Long-term Effects

As use continues, tolerance for the drug will increase. This means that users will need to take more of the drug more frequently to obtain the desired effects. Withdrawal symptoms include depression, anxiety, fatigue, and an intense craving for the drug.

Long-term use can lead to psychotic conditions, including paranoia, auditory or visual hallucinations, and delusions. These symptoms can last for months to years after methamphetamine use has stopped. For people with HIV, methamphetamine abuse can worsen the progression of HIV. Other long-term risks include:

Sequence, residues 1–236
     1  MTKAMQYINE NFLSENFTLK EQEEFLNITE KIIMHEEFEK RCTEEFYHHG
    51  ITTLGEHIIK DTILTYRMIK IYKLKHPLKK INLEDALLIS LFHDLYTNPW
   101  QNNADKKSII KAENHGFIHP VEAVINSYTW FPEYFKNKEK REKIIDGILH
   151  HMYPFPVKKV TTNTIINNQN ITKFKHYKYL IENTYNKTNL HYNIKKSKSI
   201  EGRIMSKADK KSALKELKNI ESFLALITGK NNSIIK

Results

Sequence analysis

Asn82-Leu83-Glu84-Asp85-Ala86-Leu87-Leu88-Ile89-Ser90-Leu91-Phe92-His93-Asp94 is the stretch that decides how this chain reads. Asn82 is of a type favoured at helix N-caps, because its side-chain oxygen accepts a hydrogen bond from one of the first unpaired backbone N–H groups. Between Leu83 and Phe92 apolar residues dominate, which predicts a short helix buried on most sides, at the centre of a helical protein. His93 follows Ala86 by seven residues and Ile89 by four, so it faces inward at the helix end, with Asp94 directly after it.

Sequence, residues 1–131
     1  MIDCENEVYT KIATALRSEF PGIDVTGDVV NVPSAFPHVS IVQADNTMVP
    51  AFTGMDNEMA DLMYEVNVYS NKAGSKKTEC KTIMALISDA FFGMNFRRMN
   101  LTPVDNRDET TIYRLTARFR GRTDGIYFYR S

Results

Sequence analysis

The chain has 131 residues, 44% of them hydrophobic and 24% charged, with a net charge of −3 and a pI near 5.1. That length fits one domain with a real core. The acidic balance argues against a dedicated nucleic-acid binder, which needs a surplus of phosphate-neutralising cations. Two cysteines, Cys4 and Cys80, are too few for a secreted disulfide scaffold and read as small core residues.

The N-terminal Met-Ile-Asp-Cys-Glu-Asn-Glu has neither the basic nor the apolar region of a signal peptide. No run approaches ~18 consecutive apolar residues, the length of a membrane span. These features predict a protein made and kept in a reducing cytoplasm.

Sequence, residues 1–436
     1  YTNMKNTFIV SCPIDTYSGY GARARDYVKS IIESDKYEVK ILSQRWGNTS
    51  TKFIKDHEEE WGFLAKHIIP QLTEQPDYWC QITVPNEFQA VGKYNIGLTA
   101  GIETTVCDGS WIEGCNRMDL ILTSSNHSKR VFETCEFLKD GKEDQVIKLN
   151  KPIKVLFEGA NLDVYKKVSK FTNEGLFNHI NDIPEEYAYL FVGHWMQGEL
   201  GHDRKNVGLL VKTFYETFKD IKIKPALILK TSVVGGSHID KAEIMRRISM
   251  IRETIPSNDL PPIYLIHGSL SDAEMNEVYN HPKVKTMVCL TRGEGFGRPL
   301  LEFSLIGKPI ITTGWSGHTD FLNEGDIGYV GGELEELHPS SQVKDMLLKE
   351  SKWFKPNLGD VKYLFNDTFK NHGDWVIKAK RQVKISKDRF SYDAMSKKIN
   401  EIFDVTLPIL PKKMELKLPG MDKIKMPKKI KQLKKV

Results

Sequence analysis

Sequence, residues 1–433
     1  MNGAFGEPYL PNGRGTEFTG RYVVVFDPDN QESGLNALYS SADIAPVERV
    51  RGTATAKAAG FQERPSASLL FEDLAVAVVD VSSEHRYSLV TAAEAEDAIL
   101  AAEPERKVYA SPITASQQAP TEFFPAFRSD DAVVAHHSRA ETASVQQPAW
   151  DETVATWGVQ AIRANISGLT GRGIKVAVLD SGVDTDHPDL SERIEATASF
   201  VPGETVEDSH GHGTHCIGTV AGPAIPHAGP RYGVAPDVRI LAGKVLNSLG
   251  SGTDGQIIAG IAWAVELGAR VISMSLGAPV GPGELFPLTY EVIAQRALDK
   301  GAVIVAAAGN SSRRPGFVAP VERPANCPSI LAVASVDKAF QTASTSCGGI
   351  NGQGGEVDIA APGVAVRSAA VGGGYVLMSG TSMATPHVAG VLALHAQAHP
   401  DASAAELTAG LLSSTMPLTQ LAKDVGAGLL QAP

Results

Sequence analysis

• problems with muscle rigidity and tremors

  • reduced motor speed and impaired verbal learning

  • emotional and cognitive problems

  • aggressiveness

  • extreme anorexia

  • memory loss

  • severe dental problems

  • increased risk of stroke

  • For intravenous (IV) methamphetamine users, there is increased risk of hepatitis or HIV infection, and endocarditis (inflammation of the inner layer of the heart)

Some, but not all, of the effects of methamphetamine use have been shown to be reversible. One study showed an association with abstaining from methamphetamine use and improved performance on motor and verbal memory tests. However, function in other affected areas of the brain did not show improvement, even after 2 years of abstinence, indicating that some methamphetamine-induced changes are long lasting.